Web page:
The subject of the painting is Christ Disputing in the Temple, the only event from Christ’s childhood mentioned in the Gospels. The theme of religious debate offered a painter ample opportunity to portray a variety of puzzled and agitated facial expressions. Paris Bordone underscored the theme of Christianity’s imminent triumph by making the brightly lit Christ Child the calm center of a composition of muscular figures in restless poses. Books and scrolls in simulated Hebrew lettering and a bell at the lower right lie in disarray. Punctuating this confusion is the very human expression of Christ’s frantic parents who enter at the upper left; you can almost hear Mary whine, “We’ve been looking all over for you!”
A cautious painter who tended to react to developments in Venetian painting rather than initiate them, Paris Bordone trained under Titian and emulated Titian’s style of the 1510s and 1520s – albeit in a more timid mode – for his entire career. This painting (which has been variously dated between the mid-1530s and 1545) seems indebted to a picture of the same subject by the young Tintoretto (Museo del Duomo, Milan), which must date from the early 1540s. Bordone’s painting is typically Venetian in its layering of impasto to create a surface resonant with rich coloring, particularly in the costumes, whose folds have squirmy lives of their own. Characteristically Venetian as well is the way Paris improvised during the process of painting: major changes include shifting Christ from left of the central door to the right, altering the shape of the throne, and adding the decorated step in the foreground.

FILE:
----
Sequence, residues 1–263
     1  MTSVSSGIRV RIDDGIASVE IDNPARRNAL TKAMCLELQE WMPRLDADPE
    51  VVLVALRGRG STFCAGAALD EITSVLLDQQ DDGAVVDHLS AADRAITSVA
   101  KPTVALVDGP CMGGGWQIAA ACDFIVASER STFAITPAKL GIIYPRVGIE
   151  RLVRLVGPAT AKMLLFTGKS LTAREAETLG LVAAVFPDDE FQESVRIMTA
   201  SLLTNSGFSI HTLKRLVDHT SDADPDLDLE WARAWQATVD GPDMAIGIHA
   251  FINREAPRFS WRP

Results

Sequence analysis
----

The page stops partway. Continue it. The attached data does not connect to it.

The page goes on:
That Mrs. Gardner didn’t always collect “names” confirms her status as a collector. Buying a picture by Paris Bordone would not have furthered her social position, nor the reputation of her collection. Rather, she selected this masterpiece by a second-tier artist in order to provide context for paintings by more famous artists, especially Titian’s Europa, and also for its intrinsic beauty and drama.Gardner bought the picture from J. P. Richter, a noted scholar of Leonardo da Vinci, who also had a reputation as a dodgy dealer.Yet Richter certainly had an eye for quality; he sold Mrs. Gardner her painting by Giotto.
Source: Frederick Ilchman, "Christ Disputing in the Temple," in Eye of the Beholder, edited by Alan Chong et al. (Boston: ISGM and Beacon Press, 2003): 109.